Friday, September 02, 2005

Cost of Structural Displacement

Cost of Structural Displacement

Recently we have been bombarded with all sorts of “promotion” for some jobs like “toilet cleaning” or “cleaners”, nursing and such. And most of the time, a good “example” and story is crafted out, how an ex-manager become cleaner etc

And this seems to link to the official tone that Singaporeans are just too “choosy” in job seeking. The propaganda is aimed at two tiers of job seekers: first, those older job seekers who may just like those featured in the stories, used to have “high level” jobs. Secondly, it is also aimed at those new young job seekers, to convince that people of “good caliber” and experience also end up in cleaning toilets, don’t be too choosy. This propaganda is aimed to shift the blame of joblessness and hardship to Singaporeans again. The most classic comment so far is, university graduates are only fit to wash test tubes.

I shall not touch on the hardship on job seekers and their plight though I have met numerous individuals who used to be in high corporate positions but have no choice to become taxi drivers. I will touch on the economic cost of such structural displacement, since PAP government will only concern with “facts and figures”, “dollars and cents”.

When one decides to spend money, time and effort to do something, he expects to have good returns from these investments. This is the same for investing in education. As an Asian country, we are taught from young the importance of education. Our parents would save on other luxury spending just to make sure that we get the best education they could afford and we could manage.

Investment in education is a long term plan and it contains two main different input of resources: 1) money 2) time. If one really believes that he is only fit to wash test tubes even if he gets a university degree, would anyone in his right mind ever want to invest in his own investment? Not everyone could become professor for sure!

The structural displacement of jobs will create large wastage of resources, both tangible and intangible. Experiences are something that one could not buy but only accumulate through hard work. Asking individuals to discard whatever experiences and education accumulation to accept “cleaner” job is just an act of desperation. In macro terms, this has important impact on our resource allocation process. As a small country, human resources are our only vital resources and yet, we are ready to waste them all by asking people to “look low”?

The Foreign Talent policy itself has itself caused great resource wastage. If companies are only interested to import cheap foreign “substitutes” to replace our own citizens in various jobs, then why would we want to spend so much money in education but end up working as a cleaner? It really doesn’t make any sense at all.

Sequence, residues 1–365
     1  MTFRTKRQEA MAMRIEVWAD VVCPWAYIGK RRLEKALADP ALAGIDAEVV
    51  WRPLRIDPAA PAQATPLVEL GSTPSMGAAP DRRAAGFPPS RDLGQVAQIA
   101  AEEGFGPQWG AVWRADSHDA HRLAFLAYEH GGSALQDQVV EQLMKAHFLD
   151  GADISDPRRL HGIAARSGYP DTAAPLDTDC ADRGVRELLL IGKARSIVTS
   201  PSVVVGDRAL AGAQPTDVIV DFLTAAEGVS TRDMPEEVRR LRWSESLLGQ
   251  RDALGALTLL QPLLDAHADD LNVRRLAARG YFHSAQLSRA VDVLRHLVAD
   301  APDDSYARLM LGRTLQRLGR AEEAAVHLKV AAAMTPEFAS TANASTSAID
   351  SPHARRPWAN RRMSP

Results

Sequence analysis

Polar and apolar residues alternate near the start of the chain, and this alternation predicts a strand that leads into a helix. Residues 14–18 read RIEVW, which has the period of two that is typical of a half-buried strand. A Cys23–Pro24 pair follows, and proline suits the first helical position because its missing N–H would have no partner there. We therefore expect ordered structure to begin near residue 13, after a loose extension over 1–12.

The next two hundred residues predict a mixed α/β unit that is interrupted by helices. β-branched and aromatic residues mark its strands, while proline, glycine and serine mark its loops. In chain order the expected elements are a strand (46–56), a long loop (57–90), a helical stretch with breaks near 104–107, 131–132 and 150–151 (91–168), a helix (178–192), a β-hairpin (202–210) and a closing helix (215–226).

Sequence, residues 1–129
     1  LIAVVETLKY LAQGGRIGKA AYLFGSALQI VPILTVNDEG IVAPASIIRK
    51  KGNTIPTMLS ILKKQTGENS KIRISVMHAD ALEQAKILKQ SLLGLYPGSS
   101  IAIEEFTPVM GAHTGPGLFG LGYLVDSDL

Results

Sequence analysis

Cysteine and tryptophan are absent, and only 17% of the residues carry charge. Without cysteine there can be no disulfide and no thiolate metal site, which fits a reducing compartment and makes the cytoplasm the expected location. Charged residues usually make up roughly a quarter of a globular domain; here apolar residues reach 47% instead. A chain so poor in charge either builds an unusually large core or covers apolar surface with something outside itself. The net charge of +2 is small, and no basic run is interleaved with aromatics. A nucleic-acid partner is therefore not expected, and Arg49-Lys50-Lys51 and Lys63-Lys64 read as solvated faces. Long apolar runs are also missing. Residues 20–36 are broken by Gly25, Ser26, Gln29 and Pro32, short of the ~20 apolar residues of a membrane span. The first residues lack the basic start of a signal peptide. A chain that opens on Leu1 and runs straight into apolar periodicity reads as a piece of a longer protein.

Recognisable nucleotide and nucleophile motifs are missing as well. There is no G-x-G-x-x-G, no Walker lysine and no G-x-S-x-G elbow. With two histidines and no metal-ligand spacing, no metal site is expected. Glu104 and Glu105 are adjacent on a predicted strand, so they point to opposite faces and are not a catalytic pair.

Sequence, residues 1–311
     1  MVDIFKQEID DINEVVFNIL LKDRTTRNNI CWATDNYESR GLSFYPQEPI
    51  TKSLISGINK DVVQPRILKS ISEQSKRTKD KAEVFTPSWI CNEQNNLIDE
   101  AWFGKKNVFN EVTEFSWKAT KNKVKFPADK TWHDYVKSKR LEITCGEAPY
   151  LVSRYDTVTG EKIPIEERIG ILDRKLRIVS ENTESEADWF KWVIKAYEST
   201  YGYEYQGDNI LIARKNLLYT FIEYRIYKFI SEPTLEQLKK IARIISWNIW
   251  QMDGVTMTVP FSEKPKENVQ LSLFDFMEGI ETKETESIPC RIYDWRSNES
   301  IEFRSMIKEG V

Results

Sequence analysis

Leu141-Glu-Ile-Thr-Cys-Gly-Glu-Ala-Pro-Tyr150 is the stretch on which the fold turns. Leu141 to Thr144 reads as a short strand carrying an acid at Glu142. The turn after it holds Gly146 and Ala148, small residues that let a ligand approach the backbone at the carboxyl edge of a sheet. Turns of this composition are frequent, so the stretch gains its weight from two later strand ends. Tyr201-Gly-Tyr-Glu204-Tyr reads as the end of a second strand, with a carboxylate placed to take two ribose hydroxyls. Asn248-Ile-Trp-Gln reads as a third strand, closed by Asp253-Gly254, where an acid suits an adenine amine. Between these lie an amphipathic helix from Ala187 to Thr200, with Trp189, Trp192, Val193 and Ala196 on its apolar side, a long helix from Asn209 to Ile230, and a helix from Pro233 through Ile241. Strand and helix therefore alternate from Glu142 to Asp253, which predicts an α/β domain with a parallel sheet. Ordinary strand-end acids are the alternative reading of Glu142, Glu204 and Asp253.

We need REAL Talents, be it Foreign or Local. However we should practice caution in allowing companies to import cheap foreign substitutes that could replace local workforce. This meaning that the policy must make sure that whatever foreign workers the company wants to employ, they must first seek from local workforce or sources first. They could only be approved to employ foreign workers unless the specific jobs need specific skills that is non-existence in local sources or that there is a real shortage of such skilled workers in local workforce. This is what Singaporean First all about. And PAP has only talked big on Singaporean First but act little on this.

The present system of providing quota to foreign workers is insufficient. It will create resource misallocation or displacement and in the long run, we will suffer badly from such wastage. As long as our foreign talent policy is not restructured, no amount of “upgrading” on local workforce will solve our unemployment and high emigration rate problem. When the government allows companies to employ foreign workers on all levels and assimilate local workforce on all fronts, those from lower skills when upgraded, will face the same problem at higher skill level.

It is amazing that we put so much resources in education, concentrating on a few fields, but in the end, all these resources just go to waste when cheaper foreign substitutes are brought in to replace local workforce. Some of these “displaced” highly educated individuals would have no choice but just emigrate to somewhere else which need their skills and services. To ask them continue to stay in Singapore and take up cleaner jobs is totally irrational to them.

If our overall strategy is about drawing on foreign inputs of labour to everything in the name of “cost savings”, then our education strategy should not waste too much resources and all Singaporeans should be tailored to be entrepreneurs to utilize such “cheap” resources. We should not mismanage our education policy to do something that others could do cheaper and provide better, cheaper end results! The problem is, do we really want to adopt such strategy or not?

Goh Meng Seng


Anonymous said...

I totally agree with you. What a total waste of human resources when an engineeing manager with 20 years of experience need to drive a taxi to make a living. Isn't it the government's responsibility to match the match the human resouce to the jobs created in the economy. Sometimes I wonder what is the government there for.

Anonymous said...

We need to kick out more foreign Fake talents out!

Already great proportion of pple who voted for the opposition parties are the highly displaced pple who may have been unemployed even for years, despite some having past employment experience or even good qualifications!

The war cry should be heard across: